After more than five years in development, gorgeous-looking hole-based puzzler Donut County is out today. It’s definitely not everything I had hoped for. Here’s wot I think:
Donut County feels like a great idea in search of a game. In fact, I’d bet a good amount of money that this is exactly the way in which it was formed.
A few years ago, at the 2013 celebration of novel ideas that is GDC’s Experimental Gameplay Workshop, Ben Esposito first showed his idea for a game mechanic in which the player controlled a hole in the ground. Then called Kachina, the hole could be moved around to cause anything above it to fall in, growing in size with the more it consumed. Esposito quickly demonstrated a few little ideas of how this could be developed into puzzles, with holes that consume fire being used to cook items above, or water filling the hole and then used to float objects. People cheered in delight. It was indeed utterly delightful.
In 2015 Esposito returned to GDC, to deliver a wonderful and humble talk about how Kachina became Donut County, and the lessons he’d learned on that journey. Aside from a couple of trailers, things have been pretty quiet since then. And now we have the finished game.
Donut County looks absolutely adorable. The art is great, and the physics modelling works perfectly with it as you topple larger and larger objects into your hole to clear the screen. Which is, pretty much, all you do. It varies this slightly as you progress through its two to three hours, little twists or changes for a level, but in the main it’s about watching objects plop through a hole. And the truth is, that’s very satisfying a lot of the time. But it’s really not enough.
There are so many lovely ideas, but weirdly they each in turn go unrealised. Take rabbits. The primary logic of the game is, the more that falls in the hole, the bigger it gets, so it’s a moment of lovely surprise that when two rabbits fall in, the camera zooms in to show hearts popping above, and the hole grows a lot larger. Naughty rabbits! Except, this isn’t the ingenious solution to a tricky puzzle – it’s just a thing that happens. Three times in the level, increasingly pointlessly. You don’t work it out – you just do it because at a certain point, the first two rabbits are the only things left on screen small enough to fit in the hole you’ve currently got.
Better is the frog, which is fired out to catch other objects, but then as soon as it’s appeared it’s gone. Later comes the catapult, which lets you fire certain things back out of your hole, and again seems like it should offer all sorts of interesting situations. But once again you just do the one available action, and it works, and then that’s that. This is endemic to the whole of Donut County, where your actions are inevitabilities, where progress is about doing what there is to do, and then the level ending. Gosh it all looks and sounds completely splendid as you do it, but it is, oh so appropriately, a very hollow experience.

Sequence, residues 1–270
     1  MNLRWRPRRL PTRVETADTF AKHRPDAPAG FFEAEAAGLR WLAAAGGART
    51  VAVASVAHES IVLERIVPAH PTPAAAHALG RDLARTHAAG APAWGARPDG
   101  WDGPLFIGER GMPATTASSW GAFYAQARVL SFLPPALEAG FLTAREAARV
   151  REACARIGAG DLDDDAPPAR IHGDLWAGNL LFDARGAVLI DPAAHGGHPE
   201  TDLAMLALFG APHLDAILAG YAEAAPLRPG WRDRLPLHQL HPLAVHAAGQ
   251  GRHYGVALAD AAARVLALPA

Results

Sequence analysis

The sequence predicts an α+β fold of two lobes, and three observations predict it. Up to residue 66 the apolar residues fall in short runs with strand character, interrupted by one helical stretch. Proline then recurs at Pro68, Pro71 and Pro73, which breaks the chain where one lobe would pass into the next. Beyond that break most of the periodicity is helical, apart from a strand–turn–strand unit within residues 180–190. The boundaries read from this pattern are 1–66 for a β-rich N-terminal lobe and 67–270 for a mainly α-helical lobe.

The levels are interspersed with story scenes, which tell the tale of what the hole is all about, with what I’d argue is some degree of helpless reaching. A raccoon, you see, owns a donut shop. But everyone who ordered a donut from him instead had their local area fall down a hole he controlled by, um, an app on his phone. Each individual’s incident is then played out by you, before returning to the location a thousand feet underground where a group of anthropomorphised creatures and one human berate the raccoon, who acts as if he’s done nothing wrong.
I don’t want to dwell too much on the style of writing, because I really can’t tell if it’s just that I’m done with the Night In The Woods-style aloof faux-millennial chatter, or if there’s something particularly over-arch and dismissive here. I adored it when Oxenfree did it, I liked a lot of how Night In The Woods used it to alienate and endear, yet here it just grates for me. But on the larger scale, I don’t get it, I don’t understand why this group of unintroduced creatures are sneering at each other in this game at all, and I’m absolutely certain none of it was necessary. I don’t think any narrative justification for the hole was needed, and while it eventually reaches a ludicrous finale that makes its own sort of sense, I found myself wishing they’d all be quiet so I could get on with playing the game.
Oh bottoms. I really wanted to love this. Since 2013 I’ve been quietly enamoured with the concept. And when it looks and sounds this good, when the systems all work, it’s such an anticlimax. Every now and then it seems as if it’s about to blossom out into a proper treat, where you might need to use your brain a little here and there – there are machines to operate, popcorn to pop, trees to set on fire – and then it goes nowhere. I think there could have been a Donut County that, perhaps with a less meandering development, might have been a really quiet, gently ingenious puzzler. This feels like a game instead more focused on trying out tiny ideas before getting distracted by the next. The penultimate level hints, I think, at what could have been. But what is, sadly, is a very middling execution of an extremely lovely idea.